Scalable Redux: decoupling selectors from the state shape

Asís García
May 13 · 3 min read
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There are three key points when it comes to make your code scalable and maintainable:

  1. Using : an action creator is a function that creates an action (mind blowing, I know 😄). It hides the actual shape of an action, so your “client” code (for example: a React component) can dispatch actions without worrying about how they actually look. This lets you change the way you define your actions without affecting the code using them.
  2. Using : you can reduce the whole state of your application using a single reducer function, but that will end in a huge switch statement processing all sort of unrelated actions. Updating each part of the state tree using a different reducer leads to code which is simpler, easier to understand and easier to maintain.
  3. Using selectors: a selector is a function you can use to read information from the state tree. You pass the whole state to the function and it returns the relevant data, effectively isolating the code which needs the state (again, your connected React component) from the code managing the state (the Redux store and reducers).

If you follow key point number 2 in the previous list, you’ll end up with a state tree where each state branch is handled by a different reducer:

Now suppose you want to get the list of todos and use it in some React connected component:

This component knows too much about the state. If you rename the state branch were the todos are stored (say from todos to todosList) you also have to change this and every other component accessing the state. This is a pretty stinky code smell!

That’s why you should always use selectors to access the state info (key point number 3). You can define and export a selector function when you create the store:

And use it when you define your connected component:

Now your component is effectively isolated from any changes to the state shape. But what about the selector function itself? If you keep it like this, you just moved the problem from the connected component to the selector function: it still knows too much about the state shape.

Reducer-scoped selector functions

Selector functions defined at the root reducer level should only know about the place in the state where each combined reducer is placed. This is true for each level in your state tree. At each level, you extract data from that level and forward it to the next one, using “reducer-scoped” selector functions:

This way, if you change where the todos reducer is “combined”, you just have to change the selector function exported from store.js:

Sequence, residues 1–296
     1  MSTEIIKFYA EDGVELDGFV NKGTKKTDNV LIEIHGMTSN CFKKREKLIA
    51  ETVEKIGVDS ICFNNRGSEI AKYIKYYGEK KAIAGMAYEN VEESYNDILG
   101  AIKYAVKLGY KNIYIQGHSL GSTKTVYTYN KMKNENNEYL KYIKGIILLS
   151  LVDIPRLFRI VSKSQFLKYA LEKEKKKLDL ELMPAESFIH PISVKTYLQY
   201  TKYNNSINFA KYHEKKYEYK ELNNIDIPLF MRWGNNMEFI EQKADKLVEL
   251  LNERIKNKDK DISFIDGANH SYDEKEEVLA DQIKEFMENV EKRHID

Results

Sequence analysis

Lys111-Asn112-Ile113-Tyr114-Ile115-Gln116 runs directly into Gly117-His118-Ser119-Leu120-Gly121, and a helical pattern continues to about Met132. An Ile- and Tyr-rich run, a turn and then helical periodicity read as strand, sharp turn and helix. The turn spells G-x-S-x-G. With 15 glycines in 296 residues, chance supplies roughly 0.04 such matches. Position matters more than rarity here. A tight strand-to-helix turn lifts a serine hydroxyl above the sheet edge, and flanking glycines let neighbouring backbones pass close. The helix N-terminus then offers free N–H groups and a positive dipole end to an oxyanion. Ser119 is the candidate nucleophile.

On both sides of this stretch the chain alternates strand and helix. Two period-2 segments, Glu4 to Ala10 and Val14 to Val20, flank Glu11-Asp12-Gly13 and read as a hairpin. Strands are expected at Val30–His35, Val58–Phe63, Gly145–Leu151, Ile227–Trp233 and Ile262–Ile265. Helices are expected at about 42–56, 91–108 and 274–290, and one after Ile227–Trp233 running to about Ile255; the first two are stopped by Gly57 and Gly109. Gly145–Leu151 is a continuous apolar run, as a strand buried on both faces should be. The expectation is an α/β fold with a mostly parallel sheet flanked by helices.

And if you change the way your todos reducer stores the information, you just have to update the selector functions exported from todos.js:

Reducing boilerplate

With this approach, the code defining the selector at the root level is mostly boilerplate. You get the right slice of state and handle it to the next-level reducer:

If you want to rename todos to todosList as before, you have to change it in every selector. It’s not a big deal, as the selectors are collocated with the root reducer, but we can do better. Using a utility function you can define every selector for the same reducer at once.

The module where the reducer is defined exports a bindSelectors function. bindSelectors receives a function (slicer in the example code) that knows how to get this reducer’s branch from the global state. Finally, bindSelectors returns a bunch of selectors that use the slicer function.

The root reducer module uses bindSelectors to bind all the selectors defined for the todos reducer, providing the slicer function.

Finally, the component uses the exported selectors from the root reducer module.

Summing up

While almost every article about Redux talks about selector functions as a way to decouple components from the state shape, I’ve seen very little written about decoupling the selector functions themselves ( by Randy Coulman and he references by Jack Hsu are the only stuff I found about the subject). Having worked in projects with more than 100 selectors from 30 different reducers, I’ve come to appreciate this kind of stuff.

I hope the approach described in this story will help you build more scalable Redux applications.

Trabe

We are a development studio. We use Java, Rails, and JavaScript. This is where we write about the technologies we use at Trabe.

Thanks to Martín Lamas.

Asís García

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Developer @Trabe

Trabe

Trabe

We are a development studio. We use Java, Rails, and JavaScript. This is where we write about the technologies we use at Trabe.